Andrea Gada funeral takes place after visa row delay

Coffin of Andrea Gada
Image caption Mourners had been asked to dress in pink and white for the funeral

The funeral of a five-year-old girl who died after she was hit by a car has been held following weeks of delays caused by a wrangle over family visas.

Andrea Gada died after the crash in Eastbourne, on 17 December.

Her funeral was postponed in the hope her grandparents and aunt from Zimbabwe could attend, but the Home Office refused temporary visas twice.

Her relatives were finally granted temporary visas "on compassionate grounds" earlier this month.

Image copyright PA
Image caption Charity Gada (centre) told the BBC she wanted the perfect funeral for her daughter
Image copyright PA
Image caption Mourners sang songs as the coffin arrived at the church and was carried into the building
Image copyright Gada family
Image caption Andrea's funeral was delayed while her parents fought for their relatives to be allowed to come to the UK

Scores of people attended her funeral at Kings Church in Hampden Park, Eastbourne, earlier.

'Perfect funeral'

Mourners dressed in pink and white followed the coffin, which was also pink, as it was taken to the church in a horse-drawn hearse.

They also sang songs when the pall bearers carried it inside.

"The main aim is to have a perfect funeral for Andrea because that's the only final thing that we can do for her," said Charity Gada, Andrea's mother, before the ceremony.

Image copyright BBC news grab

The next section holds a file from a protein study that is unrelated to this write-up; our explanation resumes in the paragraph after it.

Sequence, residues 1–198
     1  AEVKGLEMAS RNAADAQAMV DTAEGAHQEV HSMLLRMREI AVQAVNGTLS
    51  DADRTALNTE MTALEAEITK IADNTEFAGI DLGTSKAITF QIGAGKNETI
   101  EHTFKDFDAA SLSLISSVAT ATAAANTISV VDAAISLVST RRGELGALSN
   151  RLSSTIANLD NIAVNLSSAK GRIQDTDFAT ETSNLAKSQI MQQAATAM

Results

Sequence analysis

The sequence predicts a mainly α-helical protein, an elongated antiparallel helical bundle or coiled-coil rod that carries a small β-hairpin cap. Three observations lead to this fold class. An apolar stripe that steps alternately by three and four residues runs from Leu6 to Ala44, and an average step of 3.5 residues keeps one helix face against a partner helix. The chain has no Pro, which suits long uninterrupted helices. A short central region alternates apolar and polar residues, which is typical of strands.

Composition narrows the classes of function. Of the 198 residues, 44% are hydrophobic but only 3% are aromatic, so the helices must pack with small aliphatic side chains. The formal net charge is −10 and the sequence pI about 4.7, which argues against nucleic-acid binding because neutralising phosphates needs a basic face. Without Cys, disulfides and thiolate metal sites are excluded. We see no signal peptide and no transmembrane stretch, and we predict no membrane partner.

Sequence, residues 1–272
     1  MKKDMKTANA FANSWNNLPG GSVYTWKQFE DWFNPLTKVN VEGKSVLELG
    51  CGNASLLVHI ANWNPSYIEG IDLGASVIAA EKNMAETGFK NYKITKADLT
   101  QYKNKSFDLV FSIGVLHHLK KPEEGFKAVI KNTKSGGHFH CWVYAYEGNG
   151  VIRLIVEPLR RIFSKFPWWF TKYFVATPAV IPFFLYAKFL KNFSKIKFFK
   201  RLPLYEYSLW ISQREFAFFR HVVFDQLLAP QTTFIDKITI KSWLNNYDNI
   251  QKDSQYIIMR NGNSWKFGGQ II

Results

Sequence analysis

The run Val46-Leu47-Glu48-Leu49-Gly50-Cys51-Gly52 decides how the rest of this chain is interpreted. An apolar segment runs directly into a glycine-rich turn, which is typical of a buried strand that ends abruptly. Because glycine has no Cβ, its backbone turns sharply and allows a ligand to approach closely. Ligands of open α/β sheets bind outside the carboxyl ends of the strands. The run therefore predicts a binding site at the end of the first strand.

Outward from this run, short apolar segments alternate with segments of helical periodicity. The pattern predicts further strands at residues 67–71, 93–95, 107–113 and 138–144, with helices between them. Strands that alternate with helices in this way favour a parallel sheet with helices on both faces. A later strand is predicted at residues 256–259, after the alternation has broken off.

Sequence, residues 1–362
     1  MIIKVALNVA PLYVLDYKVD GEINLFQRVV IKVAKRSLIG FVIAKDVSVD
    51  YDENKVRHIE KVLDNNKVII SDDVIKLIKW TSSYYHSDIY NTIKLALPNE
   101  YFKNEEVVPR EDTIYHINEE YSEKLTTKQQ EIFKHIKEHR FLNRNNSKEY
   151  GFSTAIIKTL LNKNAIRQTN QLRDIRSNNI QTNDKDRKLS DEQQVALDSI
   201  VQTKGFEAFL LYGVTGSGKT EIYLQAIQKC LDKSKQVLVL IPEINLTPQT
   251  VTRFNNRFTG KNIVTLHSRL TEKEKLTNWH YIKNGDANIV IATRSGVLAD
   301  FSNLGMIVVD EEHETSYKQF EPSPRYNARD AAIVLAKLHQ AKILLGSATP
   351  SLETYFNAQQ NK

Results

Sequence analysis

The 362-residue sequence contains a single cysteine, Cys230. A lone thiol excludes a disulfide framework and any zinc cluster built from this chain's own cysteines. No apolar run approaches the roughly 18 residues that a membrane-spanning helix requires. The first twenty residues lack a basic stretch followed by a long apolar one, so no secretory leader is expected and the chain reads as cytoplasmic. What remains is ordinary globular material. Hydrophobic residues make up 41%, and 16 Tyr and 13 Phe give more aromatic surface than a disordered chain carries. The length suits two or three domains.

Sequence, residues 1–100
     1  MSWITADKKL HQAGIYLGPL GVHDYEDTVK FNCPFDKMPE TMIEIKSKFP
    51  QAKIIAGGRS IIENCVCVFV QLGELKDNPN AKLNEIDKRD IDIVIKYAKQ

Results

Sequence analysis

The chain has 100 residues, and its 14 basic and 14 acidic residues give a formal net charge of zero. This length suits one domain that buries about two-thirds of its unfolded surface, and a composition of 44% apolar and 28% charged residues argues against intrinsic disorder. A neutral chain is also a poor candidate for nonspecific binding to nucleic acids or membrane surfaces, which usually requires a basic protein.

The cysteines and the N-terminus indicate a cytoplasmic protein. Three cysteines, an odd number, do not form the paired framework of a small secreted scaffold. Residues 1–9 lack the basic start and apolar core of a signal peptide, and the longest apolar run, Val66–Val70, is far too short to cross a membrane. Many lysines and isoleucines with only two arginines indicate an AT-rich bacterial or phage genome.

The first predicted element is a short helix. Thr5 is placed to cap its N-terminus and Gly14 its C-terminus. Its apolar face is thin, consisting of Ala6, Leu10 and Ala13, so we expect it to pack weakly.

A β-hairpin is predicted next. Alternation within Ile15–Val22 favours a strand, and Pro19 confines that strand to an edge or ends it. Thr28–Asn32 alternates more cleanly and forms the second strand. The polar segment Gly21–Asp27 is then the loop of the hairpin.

Image caption Aunt Mona Lisa Faith (left) and grandparents Grace and Stanley Bwanya twice had visa requests rejected

The Home Office said it initially rejected the visas because there were concerns Andrea's aunt Mona Lisa Faith and grandparents Grace and Stanley Bwanya might try and stay here permanently.

'Pain unbearable'

That decision was reversed after Prime Minister David Cameron intervened and new visa applications were submitted with the help of Eastbourne's Liberal Democrat MP Stephen Lloyd.

Mr Cameron wrote to the family to say he had asked the home secretary to look into their case, after a 120,000-signature petition supporting their plight was handed in to Downing Street.

Following the decision, Andrea's father, Wellington Gada told the BBC: "The pain is just unbearable.

"My wish would be if something could be changed when there are circumstances like this one and for no-one to have to go through the same thing."

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